President Obama is receiving a fair amount of amused attention for lobbing a seemingly random dig at Rutherford B. Hayes on Thursday, but maybe Hayes can thank Obama, because America is sure paying a lot more attention than usual to our 19th president. It all started when Obama, while talking about developing new sources of energy in Maryland Thursday, said:
One of my predecessors, President Rutherford B. Hayes, reportedly said about the telephone: 'It’s a great invention but who would ever want to use one?'" Obama said. "That's why he's not on Mt. Rushmore."
Just after Obama spoke, if you listened very carefully, you heard the furious clacking of hundreds of political reporters typing "Rutherford B. Hayes" into Wikipedia. So what have we collectively learned (or remembered) since Hayes became the most trendy 19th century Republican president of the week? So much:
- Most importantly, Dan Amira at New York Magazine reveals that Obama is actually spreading slander about his predecessor. Though it's widely repeated, Hayes never actually gave that quote, Nan Card, the Curator of Manuscripts at the Rutherford B. Hayes Presidential Center tells Amira. "But people just keep repeating it and repeating it, so it's out there," she tells him. Myth Busters: Long-dead presidents edition!*
- Meanwhile, historian Warren Bingham notes helpfully on Twitter, "His wife wouldn't serve alcohol in [the White House]; she was known as 'Lemonade Lucy.'"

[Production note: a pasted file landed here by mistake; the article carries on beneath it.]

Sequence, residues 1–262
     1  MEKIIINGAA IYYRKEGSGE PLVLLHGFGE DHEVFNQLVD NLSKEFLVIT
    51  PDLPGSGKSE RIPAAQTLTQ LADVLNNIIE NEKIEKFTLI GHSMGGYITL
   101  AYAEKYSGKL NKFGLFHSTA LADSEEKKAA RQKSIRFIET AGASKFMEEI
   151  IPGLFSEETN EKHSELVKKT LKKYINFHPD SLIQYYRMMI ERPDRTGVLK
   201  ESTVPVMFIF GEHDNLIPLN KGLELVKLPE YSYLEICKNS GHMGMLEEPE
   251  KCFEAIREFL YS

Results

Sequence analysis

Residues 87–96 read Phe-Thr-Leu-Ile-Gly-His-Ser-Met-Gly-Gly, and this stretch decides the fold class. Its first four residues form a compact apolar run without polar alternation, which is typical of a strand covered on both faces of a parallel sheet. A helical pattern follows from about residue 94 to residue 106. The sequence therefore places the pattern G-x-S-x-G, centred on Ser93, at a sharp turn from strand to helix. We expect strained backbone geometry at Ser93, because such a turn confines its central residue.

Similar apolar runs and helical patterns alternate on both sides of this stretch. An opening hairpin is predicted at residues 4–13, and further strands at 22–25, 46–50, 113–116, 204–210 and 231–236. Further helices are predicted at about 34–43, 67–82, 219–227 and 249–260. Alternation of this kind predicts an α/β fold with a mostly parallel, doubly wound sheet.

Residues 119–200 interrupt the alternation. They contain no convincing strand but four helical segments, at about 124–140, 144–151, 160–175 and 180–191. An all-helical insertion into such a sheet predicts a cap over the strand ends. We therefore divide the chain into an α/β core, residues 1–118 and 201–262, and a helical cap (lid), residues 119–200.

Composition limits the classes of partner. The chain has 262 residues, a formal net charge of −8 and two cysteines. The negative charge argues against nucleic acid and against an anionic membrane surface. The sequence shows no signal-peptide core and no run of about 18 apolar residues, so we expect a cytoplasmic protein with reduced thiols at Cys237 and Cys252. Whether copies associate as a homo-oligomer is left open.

- We've also learned that Obama took a libelous dig at a president with whom he shares another unique bond. Author John Bartlett points out that before Obama, Hayes was the most recent Harvard Law graduate to serve as president.
Keep your eye on Twitter, (where he is a trending topic. What a world!) and you're bound to learn much more. We have to imagine no one came to work today thinking they'd find out this much about good old Hayes, but here we are.
*Update: Atlantic contributor Yoni Appelbaum has a great theory. While the Hayes library can't figure out where this rumor got started, Appelbaum notes that it was popularized by President Reagan, who repeated the same anecdote Obama told Thursday in speech for the National Technology Awards in 1985. "In the years that followed, the line was widely cited," Appelbaum tells us, "although rarely attributed. So where did Obama get the line? There's no way to know for certain. But one of the executives in the room back in 1985 was Steve Jobs, and the entire scene is recounted in Walter Isaacson's recent biography. It's a safe bet that someone in the White House read the book." The learning just continues, folks!
This article is from the archive of our partner The Wire.